As the mist parted to reveal the road snaking away along the side of the cliffs in Spain, it was easy to believe I had died and gone to heaven. Classic roads such as these near the famous Montserrat Abbey perched in the mountains above Barcelona are tailor-made for drivers and our V8-powered AMG super car was certainly up to the task- rarely do the two intersect.
The roar of the big high revving V8 cannoned off the rock face that towered above us as the car powered from corner to corner. Thank you God!
Explore the 2013 Mercedes-Benz E-Class Range
- Mercedes-Benz E63 AMG 2013 review
- Mercedes-Benz E63 sedan 2013 review
Australians love their fast cars and it doesn't get much better than this. You get more power and torque than before, but unfortunately we miss out on the new all-wheel drive system.
Like Benz's small GLK soft roader, the 4MATIC system was never designed for right hand drive which is kind of silly really. In this model the previous AMG Performance Pack has morphed into a fully-blown 'S' model with even more power and torque, as well as plenty of other goodies.
No word on pricing yet, but these cars aren't cheap and, when you see the engineering that goes into them - you can understand why (the current model starts at $240,000). But that still leaves plenty of room for options like the amazing 1200 watt, 14 speaker Bang and Olufsen sound system.
AMG is to Benz as HSV is to Holden, with AMG accounting for almost 8 per cent of Benz sales in Australia - one of the highest proportions in the world. Based on the new, facelifted E-Class, the AMG model features a single front facia design, unlike the donor car which offers two, along with the new single headlight cluster that employs LEDs to create the effect of twin lights - a hallmark of the car for three generations.
It features a 48mm wider track at he front for improved handling, the front and rear bumpers have also been redesigned, with further cosmetic changes to distinguish the more powerful S model from its sibling, including larger wheels and red brake calipers.
Inside there's plenty of logos and the S features contrast stitching on the leather plus contrasting silver coloured seatbelt webbing. Although the cars are limited to 250km/h the speedometer reads all the way to 320.
Benz is renowned for safety and this car maintains that reputation, with a host of safety systems amalgamated under the heading of Intelligent Drive. Automatic braking is standard, to prevent rear enders as well as avoiding pedestrians and cameras/sensors provide a 360 degree view around the car looking up to 50 metres ahead, and even warning of traffic approaching from either side.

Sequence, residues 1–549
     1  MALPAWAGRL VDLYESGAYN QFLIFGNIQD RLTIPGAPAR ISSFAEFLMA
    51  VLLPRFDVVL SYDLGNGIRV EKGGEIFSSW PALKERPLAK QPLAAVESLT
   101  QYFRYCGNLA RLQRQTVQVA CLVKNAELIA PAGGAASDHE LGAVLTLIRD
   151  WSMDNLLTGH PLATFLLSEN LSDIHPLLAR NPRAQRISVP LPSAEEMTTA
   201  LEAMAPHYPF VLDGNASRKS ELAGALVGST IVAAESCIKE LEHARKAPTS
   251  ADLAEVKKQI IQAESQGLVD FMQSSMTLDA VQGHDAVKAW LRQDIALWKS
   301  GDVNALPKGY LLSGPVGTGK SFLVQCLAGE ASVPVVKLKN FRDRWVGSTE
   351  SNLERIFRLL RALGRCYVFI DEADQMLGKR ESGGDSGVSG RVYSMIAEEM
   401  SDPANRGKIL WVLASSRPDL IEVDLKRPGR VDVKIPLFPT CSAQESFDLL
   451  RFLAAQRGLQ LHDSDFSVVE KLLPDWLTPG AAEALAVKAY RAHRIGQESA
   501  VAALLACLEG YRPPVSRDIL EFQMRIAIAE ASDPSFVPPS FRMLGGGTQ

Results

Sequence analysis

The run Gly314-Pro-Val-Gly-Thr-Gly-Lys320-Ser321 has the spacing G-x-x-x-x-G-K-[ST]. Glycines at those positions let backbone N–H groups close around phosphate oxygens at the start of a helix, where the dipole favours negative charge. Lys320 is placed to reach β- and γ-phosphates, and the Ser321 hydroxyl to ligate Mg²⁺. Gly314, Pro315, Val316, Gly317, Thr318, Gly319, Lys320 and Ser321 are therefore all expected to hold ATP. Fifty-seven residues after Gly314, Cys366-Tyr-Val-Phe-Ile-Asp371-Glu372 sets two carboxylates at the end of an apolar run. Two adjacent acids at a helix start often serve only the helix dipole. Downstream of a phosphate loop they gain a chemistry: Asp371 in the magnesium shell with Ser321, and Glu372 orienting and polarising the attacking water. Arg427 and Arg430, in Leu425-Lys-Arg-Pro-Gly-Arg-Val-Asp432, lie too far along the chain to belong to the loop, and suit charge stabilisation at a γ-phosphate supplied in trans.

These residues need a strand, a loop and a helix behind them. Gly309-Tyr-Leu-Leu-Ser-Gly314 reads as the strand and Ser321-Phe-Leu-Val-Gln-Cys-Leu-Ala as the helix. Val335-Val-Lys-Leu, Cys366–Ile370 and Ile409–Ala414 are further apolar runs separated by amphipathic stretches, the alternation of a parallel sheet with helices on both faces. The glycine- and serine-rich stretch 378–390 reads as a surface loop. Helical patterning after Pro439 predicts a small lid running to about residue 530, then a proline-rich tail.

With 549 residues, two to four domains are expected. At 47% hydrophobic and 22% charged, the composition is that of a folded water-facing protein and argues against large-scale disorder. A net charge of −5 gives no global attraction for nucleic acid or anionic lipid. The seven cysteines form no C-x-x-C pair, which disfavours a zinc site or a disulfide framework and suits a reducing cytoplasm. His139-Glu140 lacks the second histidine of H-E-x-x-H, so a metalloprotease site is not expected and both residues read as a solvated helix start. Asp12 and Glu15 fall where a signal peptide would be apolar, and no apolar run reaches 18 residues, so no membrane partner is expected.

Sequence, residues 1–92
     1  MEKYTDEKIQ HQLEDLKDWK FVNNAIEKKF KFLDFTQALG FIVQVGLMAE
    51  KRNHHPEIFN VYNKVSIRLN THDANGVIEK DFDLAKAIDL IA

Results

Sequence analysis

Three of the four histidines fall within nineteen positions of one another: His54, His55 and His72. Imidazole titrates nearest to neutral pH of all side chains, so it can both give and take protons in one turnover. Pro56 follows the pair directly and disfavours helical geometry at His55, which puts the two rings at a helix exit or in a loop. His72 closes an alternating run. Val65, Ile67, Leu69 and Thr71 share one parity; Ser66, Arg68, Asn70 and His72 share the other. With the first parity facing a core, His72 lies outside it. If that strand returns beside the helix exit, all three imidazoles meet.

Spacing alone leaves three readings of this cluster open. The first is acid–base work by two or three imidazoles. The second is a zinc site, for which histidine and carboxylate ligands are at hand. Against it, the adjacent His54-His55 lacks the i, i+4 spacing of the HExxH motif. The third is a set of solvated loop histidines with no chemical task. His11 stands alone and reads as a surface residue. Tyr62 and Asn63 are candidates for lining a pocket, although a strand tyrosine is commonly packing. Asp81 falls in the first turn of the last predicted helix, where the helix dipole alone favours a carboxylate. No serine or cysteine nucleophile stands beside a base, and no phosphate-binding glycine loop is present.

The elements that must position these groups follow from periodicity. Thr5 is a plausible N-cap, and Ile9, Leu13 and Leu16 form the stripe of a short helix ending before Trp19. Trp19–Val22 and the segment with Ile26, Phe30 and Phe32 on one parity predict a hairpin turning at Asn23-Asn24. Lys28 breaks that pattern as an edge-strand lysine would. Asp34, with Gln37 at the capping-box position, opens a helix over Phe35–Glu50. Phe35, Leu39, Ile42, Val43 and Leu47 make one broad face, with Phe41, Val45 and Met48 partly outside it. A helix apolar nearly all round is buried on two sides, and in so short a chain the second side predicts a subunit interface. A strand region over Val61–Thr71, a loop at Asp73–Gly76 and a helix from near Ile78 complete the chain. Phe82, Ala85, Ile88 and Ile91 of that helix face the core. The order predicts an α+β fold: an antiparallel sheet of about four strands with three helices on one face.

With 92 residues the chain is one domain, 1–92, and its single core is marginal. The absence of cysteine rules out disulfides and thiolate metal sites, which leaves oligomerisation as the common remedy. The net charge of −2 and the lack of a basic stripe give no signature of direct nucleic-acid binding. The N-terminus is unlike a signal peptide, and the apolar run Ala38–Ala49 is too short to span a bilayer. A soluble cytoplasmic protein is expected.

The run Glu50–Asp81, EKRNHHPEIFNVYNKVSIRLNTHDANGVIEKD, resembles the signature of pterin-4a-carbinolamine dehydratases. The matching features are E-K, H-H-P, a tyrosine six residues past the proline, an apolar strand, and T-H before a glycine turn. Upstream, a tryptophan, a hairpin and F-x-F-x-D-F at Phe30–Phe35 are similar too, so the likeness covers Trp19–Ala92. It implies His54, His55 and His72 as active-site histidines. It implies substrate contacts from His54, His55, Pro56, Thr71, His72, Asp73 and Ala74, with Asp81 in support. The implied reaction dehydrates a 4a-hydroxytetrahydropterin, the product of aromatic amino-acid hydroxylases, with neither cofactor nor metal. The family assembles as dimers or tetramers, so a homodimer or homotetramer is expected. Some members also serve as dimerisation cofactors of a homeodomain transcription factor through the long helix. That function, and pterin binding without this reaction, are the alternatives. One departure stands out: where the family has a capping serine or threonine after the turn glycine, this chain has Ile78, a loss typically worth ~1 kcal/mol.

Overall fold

Benz claims the 5.5-litre bi-turbo V8 is the most efficient series production V8 in the world. There's two models, both with the same size engine, but one with 410kW/720Nm and the other with 430kW/800Nm.
In left hand drive form, it is also offered with all-wheel drive, split 33:67 front to back, potentially giving the car more grip and faster acceleration. To wit the all-wheel drive, 4MATIC S is able to dispatch the dash from 0-100km/h in a Ferrari-like 3.6 seconds.
The rear-wheel drive S version that we are getting is good for 3.8-3.9 seconds - it hasn't been tested yet. While the rear-drive 410kW version is good for 4.2 seconds. Top speed of both cars is limited to 250km/h.
18 inch wheels with 255/285 rubber are standard, while the S adds 19s with the same size tyres but with lower profiles, along with a rear diff lock - further aiding in putting all that power to ground.
Both models are hooked up to an automatic, AMG Speedshift MCT 7-speed sports transmission, with paddle shifters, that blips the throttle on down changes, together with electro-mechanical variable speed sensitive steering.
Start/stop is standard (but can be turned off) and the driver can select from a number of drive modes and the suspension is also adjustable, with air dampers holding up the rear.
Despite the increase in power, the 410kW model consumes the same 9.8 litres/100km as its 386kW predecessor, while the 430kW model is expected to consume a fraction more - it too hasn't been tested.
Basically, the car could still do with more grip. When you're pushing out this much power, the difference between 410 or 430kW is difficult to quantify, certainly well beyond our knowing.
Suffice to say the E63 is mighty quick in either configuration, either off the line, in a straight line or through the twisty bits, as we discovered - although the latter requires some finesse. The sound and feel of the big V8 is almost tangible, especially in sport mode with the exhaust baffles fully open. The throaty roar from the quad pipes sounds like the hounds of hell themselves are approaching.
We got to drive both the rear wheel drive 410kW model and top of the line all-wheel drive 430kW S model - both of them sedans. Just like previous E63 that we drove the back has a tendency to step out unless you're careful - traction control or no traction control. And the smaller 18 inch wheels on the standard car don't help matters.
After a bit of trial and error we found the best way to drive the car, in fact the only way - is fast in and slow out of corners, braking deep and letting the car complete its turn and straighten up before hitting the throttle again. The beefy AMG brakes are superb but can be upgraded to ceramic discs if desired, at considerable cost however.
Even with all-wheel drive to keep the car in check you need to remain watchful. At one point we pulled out to overtake, which can be accomplished in a nanosecond, and the car almost snapped sideways into the car we were trying to pass as we tromped the throttle.